CAFRA launches introductory reader for women studies
March 17, 2000
ĎAn Introductory Reader for Women's Studies in Guyana', launched by the Guyana Chapter of the Caribbean Association for Feminist Research and Action (CAFRA), is recommended for educational purposes at the secondary and tertiary levels.
Material for the 185-page publication was put together over the past 12 years and compiled and edited by researcher Hazel Woolford. It was launched at the Hotel Tower last week on the occasion of International Women's Day.
Present at the launching were Minister of Human Services and Social Security, Indra Chandarpal, former president Janet Jagan, a national representative of Suriname, Maggie Schmeits, head of the Canadian International Development Agency's (CIDA) local office, Kamoji Wachiira and a number of invitees from local women's organisations.
The publication was funded by CIDA.
There were only seven copies available at the launching which were intended mainly for the ceremonial handing over from the sponsors to officials. A shipment is expected shortly which will allow copies to be placed in local bookstores and other outlets.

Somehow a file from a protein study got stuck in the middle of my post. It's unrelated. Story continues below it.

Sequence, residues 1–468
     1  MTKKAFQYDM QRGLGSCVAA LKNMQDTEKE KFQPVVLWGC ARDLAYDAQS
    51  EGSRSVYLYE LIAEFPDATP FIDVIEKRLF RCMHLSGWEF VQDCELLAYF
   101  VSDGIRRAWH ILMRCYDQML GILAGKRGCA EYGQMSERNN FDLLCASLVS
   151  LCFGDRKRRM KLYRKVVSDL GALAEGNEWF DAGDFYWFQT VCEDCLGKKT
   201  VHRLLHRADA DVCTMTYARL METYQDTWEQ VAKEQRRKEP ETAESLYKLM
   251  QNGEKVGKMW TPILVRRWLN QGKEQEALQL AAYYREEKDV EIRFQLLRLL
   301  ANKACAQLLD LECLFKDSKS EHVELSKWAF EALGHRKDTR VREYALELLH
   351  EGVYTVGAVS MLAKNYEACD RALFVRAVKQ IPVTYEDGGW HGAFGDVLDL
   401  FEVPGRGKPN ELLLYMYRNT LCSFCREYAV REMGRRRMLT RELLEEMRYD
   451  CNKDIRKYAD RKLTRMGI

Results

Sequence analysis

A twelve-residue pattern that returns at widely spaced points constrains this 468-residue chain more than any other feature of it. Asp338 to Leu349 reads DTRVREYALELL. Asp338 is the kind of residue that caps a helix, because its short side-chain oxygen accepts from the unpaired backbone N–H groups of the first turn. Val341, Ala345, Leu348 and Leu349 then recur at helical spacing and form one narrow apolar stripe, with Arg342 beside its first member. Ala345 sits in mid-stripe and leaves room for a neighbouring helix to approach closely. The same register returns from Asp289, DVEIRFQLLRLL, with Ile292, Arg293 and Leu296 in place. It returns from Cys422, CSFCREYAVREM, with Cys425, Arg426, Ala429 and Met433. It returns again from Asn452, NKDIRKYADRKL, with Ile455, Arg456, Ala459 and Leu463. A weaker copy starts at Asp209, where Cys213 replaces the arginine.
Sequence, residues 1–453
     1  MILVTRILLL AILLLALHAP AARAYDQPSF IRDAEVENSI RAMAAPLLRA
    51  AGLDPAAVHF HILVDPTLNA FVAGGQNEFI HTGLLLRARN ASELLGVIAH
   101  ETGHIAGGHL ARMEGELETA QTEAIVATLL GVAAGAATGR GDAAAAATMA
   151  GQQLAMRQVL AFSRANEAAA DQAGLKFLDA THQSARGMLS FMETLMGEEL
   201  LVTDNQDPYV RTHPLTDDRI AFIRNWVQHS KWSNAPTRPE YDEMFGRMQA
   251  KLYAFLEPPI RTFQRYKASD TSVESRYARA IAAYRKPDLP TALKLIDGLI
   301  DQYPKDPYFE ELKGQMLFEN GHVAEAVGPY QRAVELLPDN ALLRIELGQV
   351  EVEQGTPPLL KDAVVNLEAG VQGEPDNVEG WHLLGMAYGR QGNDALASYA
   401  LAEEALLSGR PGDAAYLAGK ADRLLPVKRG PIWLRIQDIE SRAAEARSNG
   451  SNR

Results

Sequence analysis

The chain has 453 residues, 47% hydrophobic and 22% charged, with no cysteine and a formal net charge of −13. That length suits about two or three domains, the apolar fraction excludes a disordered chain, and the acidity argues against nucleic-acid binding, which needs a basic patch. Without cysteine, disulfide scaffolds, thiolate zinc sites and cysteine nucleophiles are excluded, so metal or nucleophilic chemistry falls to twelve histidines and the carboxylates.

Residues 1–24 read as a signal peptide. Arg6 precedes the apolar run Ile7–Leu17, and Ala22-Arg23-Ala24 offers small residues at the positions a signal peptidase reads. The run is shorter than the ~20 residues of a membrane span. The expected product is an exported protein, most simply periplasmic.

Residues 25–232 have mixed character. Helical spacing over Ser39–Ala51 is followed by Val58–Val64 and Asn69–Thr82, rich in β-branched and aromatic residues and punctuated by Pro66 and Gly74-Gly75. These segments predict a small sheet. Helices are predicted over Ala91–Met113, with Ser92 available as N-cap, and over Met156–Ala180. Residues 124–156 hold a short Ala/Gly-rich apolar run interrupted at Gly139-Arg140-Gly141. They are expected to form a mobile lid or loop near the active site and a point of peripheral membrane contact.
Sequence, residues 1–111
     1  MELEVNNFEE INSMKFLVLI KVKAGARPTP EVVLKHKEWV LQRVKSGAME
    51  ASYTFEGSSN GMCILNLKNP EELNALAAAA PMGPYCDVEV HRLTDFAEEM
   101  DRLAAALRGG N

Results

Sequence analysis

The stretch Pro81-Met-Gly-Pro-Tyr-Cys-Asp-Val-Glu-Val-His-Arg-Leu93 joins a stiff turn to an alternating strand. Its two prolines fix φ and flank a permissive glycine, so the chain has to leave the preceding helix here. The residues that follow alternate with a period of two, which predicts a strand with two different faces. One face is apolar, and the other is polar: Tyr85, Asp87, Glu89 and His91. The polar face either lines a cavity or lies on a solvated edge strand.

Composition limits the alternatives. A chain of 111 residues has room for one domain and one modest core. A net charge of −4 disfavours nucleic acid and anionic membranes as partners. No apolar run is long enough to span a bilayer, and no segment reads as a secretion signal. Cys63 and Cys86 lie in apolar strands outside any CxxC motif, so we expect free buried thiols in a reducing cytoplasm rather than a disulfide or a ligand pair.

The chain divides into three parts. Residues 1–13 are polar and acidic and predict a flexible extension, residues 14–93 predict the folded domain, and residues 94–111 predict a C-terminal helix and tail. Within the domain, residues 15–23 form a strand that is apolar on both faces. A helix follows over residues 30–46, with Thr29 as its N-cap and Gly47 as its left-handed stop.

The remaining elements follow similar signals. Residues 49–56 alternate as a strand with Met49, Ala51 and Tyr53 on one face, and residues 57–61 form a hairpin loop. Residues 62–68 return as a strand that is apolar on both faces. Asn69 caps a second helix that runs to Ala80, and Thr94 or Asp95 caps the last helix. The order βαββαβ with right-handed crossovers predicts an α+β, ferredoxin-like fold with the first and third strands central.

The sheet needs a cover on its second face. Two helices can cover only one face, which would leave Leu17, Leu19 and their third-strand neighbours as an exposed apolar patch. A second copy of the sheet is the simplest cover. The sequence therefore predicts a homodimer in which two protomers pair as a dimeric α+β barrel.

Chandarpal who was the first national representative of the Guyana Chapter of CAFRA gave a background to the founding of the organisation and noted that some of its earlier members included Minister of Culture, Youth and Sports, Gail Teixeira.
The book, which is recommended for students at the secondary and tertiary levels, is divided into sections which look at Marriage/Family Patterns, Resistance, Social Movements, Education, Ethnicity, and Women in Politics.
Woolford herself authored `Women in Riots'; `Governors wives and social work/organisations'; and `African-Guyanese female politicians: 1946 - 1992'.
Moneeta Singh, a former Stabroek News sub-editor, contributed the piece on Guyana's first female president, `Janet Jagan: An outstanding woman in Guyanese politics". Carmen Jarvis was the author of `The history of the Girl Guides Movement in Guyana' and Minerva Alexander, `The history of home economics in Guyana'.
In the Ethnicity section Nesha Haniff authored `Anjani Singh'.
Male contributors dominate the Marriage/Family Patterns section with Nigel Westmaas writing on `The slave woman: Her conditions and belief'; Dr Dale Bisnauth, `Marriages in the logie lines'; and Brian Moore, `Sex and Marriage among East Indian Immigrants in British Guiana during the 19th century'. Doris Rogers, the lone female in this section, looked at `Marriage in the traditional African Society.
Stella Bagot, Doreen Holder, Marva Burke and Sandra Granger contributed to the `The single African Guyanese middle class woman' and `The value of the pilot study'. They also wrote `The heritage of the African Guyanese woman from her West African origins to the first half of the twentieth century' and `Images of the Black Woman in recent Guyanese literature'.